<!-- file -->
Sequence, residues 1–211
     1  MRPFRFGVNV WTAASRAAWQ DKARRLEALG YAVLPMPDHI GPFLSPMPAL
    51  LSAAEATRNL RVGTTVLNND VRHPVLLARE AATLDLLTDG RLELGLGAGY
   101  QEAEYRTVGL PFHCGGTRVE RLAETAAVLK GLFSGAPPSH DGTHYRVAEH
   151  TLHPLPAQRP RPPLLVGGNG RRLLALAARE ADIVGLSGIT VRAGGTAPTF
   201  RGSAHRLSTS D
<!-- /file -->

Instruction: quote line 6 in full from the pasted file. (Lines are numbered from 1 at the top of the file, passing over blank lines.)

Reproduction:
   201  RGSAHRLSTS D